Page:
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“In the country neighborhood thereabouts, along the dusty roads, one found at intervals the prettiest little cottage homes, snug and cozy, and so cobwebbed with vines snowed thick with roses that the doors and windows were wholly hidden from sight-sign that these were deserted homes, forsaken years ago by defeated and disappointed families who could neither sell them nor give them away.”
--- Mark Twain, The $30,000 Bequest and Other Stories
The $30,000 Bequest and Other Stories (1906) is a collection of thirty comic short stories by the iconic American humorist and writer Mark Twain. The stories contained span the course of his career, from "Advice to Young Girls" in 1865 to the titular tale in 1904. Although Twain had ample time to refine his short stories between their original publication date and this collection, there is little evidence to suggest he took an active interest in doing so. "A Burlesque Biography" contains only a few minor technical revisions which make it different from the 1871 version found in Mark Twain's "(Burlesque) Autobiography and First Romance". "Advice to Little Girls" shows slight revision from its earlier publication in The Celebrated Jumping Frog of Calaveras County.
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Samuel Langhorne Clemens (November 30, 1835 – April 21, 1910), better known by his pen name Mark Twain, was an American author and humorist. He wrote The Adventures of Tom Sawyer (1876) and its sequel, Adventures of Huckleberry Finn (1885), the latter often called "the Great American Novel."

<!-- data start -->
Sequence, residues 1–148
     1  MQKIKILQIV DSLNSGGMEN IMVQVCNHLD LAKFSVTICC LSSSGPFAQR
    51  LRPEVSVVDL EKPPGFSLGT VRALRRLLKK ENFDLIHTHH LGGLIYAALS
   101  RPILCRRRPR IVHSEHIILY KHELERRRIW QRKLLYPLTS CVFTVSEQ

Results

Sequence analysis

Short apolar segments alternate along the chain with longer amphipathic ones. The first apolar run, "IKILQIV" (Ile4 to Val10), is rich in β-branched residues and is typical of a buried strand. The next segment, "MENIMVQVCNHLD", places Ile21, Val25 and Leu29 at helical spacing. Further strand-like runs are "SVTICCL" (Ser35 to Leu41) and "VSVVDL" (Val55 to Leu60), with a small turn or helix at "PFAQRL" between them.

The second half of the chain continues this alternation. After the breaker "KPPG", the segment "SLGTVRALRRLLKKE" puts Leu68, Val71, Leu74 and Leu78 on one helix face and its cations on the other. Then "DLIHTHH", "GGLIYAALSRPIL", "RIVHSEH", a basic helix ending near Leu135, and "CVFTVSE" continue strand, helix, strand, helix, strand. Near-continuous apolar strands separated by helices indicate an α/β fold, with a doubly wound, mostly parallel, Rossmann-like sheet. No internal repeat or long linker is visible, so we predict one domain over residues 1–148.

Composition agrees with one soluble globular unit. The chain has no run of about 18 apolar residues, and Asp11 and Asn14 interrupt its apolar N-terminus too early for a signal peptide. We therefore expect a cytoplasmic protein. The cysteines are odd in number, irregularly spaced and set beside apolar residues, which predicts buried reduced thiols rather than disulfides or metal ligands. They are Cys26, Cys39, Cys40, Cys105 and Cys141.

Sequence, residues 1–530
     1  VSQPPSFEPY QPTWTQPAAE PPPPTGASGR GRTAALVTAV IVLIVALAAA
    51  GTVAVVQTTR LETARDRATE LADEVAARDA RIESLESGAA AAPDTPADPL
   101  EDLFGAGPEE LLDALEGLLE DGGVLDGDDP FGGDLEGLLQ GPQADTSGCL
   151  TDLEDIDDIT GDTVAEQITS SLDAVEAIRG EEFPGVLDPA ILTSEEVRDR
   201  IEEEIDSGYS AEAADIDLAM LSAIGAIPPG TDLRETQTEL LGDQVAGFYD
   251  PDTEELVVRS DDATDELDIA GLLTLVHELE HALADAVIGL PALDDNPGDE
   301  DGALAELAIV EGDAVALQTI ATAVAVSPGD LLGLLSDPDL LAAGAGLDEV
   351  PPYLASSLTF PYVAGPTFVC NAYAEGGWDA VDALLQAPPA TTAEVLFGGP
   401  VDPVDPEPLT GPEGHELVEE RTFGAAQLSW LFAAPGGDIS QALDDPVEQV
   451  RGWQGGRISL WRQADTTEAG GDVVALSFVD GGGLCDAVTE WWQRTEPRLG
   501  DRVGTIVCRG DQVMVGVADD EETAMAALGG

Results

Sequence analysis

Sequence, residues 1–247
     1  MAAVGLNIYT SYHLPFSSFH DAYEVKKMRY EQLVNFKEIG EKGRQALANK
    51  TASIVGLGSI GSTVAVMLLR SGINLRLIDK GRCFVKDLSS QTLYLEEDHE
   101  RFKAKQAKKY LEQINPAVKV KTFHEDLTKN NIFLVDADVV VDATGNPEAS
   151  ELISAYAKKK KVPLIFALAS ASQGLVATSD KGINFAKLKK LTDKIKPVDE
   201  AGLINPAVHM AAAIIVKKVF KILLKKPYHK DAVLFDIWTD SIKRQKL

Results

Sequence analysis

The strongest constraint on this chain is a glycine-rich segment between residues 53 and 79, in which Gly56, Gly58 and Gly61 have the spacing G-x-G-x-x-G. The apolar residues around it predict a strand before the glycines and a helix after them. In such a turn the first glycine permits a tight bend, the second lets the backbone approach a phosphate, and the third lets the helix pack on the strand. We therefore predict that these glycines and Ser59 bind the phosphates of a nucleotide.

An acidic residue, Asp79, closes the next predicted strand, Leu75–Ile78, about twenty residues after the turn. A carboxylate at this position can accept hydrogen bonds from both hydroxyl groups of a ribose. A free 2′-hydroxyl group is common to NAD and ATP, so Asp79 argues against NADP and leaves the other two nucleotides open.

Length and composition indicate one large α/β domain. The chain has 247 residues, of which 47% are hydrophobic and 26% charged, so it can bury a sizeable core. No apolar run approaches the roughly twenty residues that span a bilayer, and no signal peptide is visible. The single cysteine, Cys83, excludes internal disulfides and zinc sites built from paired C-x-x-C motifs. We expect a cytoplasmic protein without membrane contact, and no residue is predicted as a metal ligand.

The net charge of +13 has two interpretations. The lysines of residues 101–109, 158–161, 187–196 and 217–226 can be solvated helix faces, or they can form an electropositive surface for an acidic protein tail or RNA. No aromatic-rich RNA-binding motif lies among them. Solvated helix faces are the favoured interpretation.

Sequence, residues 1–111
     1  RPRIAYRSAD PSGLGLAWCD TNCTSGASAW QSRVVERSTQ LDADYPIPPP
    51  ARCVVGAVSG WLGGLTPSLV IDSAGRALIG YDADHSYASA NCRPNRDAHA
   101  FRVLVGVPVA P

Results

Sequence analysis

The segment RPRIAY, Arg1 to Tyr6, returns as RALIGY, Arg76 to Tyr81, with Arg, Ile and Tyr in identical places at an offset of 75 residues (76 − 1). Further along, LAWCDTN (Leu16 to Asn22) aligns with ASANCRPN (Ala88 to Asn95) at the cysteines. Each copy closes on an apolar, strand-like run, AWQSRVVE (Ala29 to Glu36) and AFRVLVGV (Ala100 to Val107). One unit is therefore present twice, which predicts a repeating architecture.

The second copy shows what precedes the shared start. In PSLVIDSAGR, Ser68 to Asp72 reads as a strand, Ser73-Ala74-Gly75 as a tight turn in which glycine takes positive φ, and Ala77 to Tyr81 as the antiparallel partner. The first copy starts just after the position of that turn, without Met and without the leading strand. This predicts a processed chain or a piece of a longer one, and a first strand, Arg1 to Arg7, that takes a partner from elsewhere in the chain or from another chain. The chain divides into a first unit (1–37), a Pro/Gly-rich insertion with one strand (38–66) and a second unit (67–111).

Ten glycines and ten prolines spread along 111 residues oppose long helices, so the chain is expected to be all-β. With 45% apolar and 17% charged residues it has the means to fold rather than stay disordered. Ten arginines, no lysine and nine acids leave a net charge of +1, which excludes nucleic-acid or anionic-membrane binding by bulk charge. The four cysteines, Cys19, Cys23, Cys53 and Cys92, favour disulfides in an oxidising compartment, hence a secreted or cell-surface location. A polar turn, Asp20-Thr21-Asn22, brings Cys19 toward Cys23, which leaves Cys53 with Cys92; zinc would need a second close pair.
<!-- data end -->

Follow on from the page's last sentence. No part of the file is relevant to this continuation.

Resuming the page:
Twain grew up in Hannibal, Missouri, which provided the setting for Huckleberry Finn and Tom Sawyer. After an apprenticeship with a printer, he worked as a typesetter and contributed articles to the newspaper of his older brother Orion Clemens. He later became a riverboat pilot on the Mississippi River before heading west to join Orion in Nevada. He referred humorously to his singular lack of success at mining, turning to journalism for the Virginia City Territorial Enterprise. In 1865, his humorous story, "The Celebrated Jumping Frog of Calaveras County," was published, based on a story he heard at Angels Hotel in Angels Camp, California, where he had spent some time as a miner. The short story brought international attention, and was even translated into classic Greek. His wit and satire, in prose and in speech, earned praise from critics and peers, and he was a friend to presidents, artists, industrialists, and European royalty.
Though Twain earned a great deal of money from his writings and lectures, he invested in ventures that lost a great deal of money, notably the Paige Compositor, which failed because of its complexity and imprecision. In the wake of these financial setbacks, he filed for protection from his creditors via bankruptcy, and with the help of Henry Huttleston Rogers eventually overcame his financial troubles. Twain chose to pay all his pre-bankruptcy creditors in full, though he had no legal responsibility to do so.
Twain was born shortly after a visit by Halley's Comet, and he predicted that he would "go out with it," too. He died the day following the comet's subsequent return. He was lauded as the "greatest American humorist of his age," and William Faulkner called Twain "the father of American literature."
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Book Description CreateSpace Independent Publishing Platform, 2014. Paperback. Condition: Brand New. 274 pages. 9.00x6.00x0.69 inches. This item is printed on demand. Seller Inventory # zk1500740047